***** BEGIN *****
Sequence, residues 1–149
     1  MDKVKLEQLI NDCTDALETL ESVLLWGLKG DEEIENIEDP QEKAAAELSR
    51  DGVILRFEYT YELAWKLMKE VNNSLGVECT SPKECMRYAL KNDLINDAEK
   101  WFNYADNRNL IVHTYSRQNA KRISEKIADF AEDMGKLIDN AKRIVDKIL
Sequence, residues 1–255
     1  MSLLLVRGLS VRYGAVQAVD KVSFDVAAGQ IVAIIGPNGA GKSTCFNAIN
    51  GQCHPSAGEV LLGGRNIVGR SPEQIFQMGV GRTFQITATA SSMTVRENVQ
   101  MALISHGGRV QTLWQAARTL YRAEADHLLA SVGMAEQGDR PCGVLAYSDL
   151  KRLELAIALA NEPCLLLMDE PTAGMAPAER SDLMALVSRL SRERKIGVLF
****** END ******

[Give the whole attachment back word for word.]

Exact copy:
Sequence, residues 1–149
     1  MDKVKLEQLI NDCTDALETL ESVLLWGLKG DEEIENIEDP QEKAAAELSR
    51  DGVILRFEYT YELAWKLMKE VNNSLGVECT SPKECMRYAL KNDLINDAEK
   101  WFNYADNRNL IVHTYSRQNA KRISEKIADF AEDMGKLIDN AKRIVDKIL
Sequence, residues 1–255
     1  MSLLLVRGLS VRYGAVQAVD KVSFDVAAGQ IVAIIGPNGA GKSTCFNAIN
    51  GQCHPSAGEV LLGGRNIVGR SPEQIFQMGV GRTFQITATA SSMTVRENVQ
   101  MALISHGGRV QTLWQAARTL YRAEADHLLA SVGMAEQGDR PCGVLAYSDL
   151  KRLELAIALA NEPCLLLMDE PTAGMAPAER SDLMALVSRL SRERKIGVLF